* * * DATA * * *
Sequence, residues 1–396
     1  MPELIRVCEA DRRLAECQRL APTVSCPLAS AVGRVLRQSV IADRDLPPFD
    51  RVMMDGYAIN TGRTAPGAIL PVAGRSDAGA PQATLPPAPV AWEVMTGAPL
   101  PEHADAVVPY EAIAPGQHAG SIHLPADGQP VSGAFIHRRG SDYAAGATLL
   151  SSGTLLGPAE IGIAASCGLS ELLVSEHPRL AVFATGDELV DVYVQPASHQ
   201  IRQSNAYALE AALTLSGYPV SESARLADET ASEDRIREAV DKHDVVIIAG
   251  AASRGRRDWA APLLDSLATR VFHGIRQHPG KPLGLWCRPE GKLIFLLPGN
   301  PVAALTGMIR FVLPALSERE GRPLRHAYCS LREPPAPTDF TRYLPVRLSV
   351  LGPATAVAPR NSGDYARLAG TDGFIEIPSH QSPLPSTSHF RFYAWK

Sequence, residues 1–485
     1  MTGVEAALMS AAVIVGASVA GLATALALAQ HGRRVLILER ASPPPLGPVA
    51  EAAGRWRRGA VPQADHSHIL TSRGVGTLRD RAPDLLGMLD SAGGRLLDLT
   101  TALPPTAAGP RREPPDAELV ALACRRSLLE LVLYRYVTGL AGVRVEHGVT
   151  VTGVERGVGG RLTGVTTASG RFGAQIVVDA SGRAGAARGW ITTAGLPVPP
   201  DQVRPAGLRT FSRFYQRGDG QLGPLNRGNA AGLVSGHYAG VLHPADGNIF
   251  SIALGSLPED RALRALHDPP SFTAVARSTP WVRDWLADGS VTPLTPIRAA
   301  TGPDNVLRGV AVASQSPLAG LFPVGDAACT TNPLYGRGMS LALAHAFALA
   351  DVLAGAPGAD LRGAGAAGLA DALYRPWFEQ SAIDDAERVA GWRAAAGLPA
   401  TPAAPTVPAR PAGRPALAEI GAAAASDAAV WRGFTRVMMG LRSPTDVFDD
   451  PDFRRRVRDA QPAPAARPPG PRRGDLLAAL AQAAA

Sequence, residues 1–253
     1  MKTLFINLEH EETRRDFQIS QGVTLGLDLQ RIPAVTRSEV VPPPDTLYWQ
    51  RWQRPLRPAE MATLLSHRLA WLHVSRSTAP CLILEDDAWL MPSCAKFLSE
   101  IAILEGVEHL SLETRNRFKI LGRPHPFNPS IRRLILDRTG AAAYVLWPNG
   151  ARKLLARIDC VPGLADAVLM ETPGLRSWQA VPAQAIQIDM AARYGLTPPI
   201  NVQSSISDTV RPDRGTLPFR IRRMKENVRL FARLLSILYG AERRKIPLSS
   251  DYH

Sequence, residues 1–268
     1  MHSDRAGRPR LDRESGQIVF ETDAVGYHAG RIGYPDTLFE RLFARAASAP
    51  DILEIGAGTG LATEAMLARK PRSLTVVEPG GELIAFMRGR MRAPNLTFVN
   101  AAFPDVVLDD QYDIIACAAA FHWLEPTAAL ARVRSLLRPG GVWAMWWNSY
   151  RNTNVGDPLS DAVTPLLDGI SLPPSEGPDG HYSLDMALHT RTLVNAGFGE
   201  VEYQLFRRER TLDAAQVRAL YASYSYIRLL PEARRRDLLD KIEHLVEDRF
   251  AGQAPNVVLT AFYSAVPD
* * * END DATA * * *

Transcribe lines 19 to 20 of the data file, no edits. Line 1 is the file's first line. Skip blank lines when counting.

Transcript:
   401  TPAAPTVPAR PAGRPALAEI GAAAASDAAV WRGFTRVMMG LRSPTDVFDD
   451  PDFRRRVRDA QPAPAARPPG PRRGDLLAAL AQAAA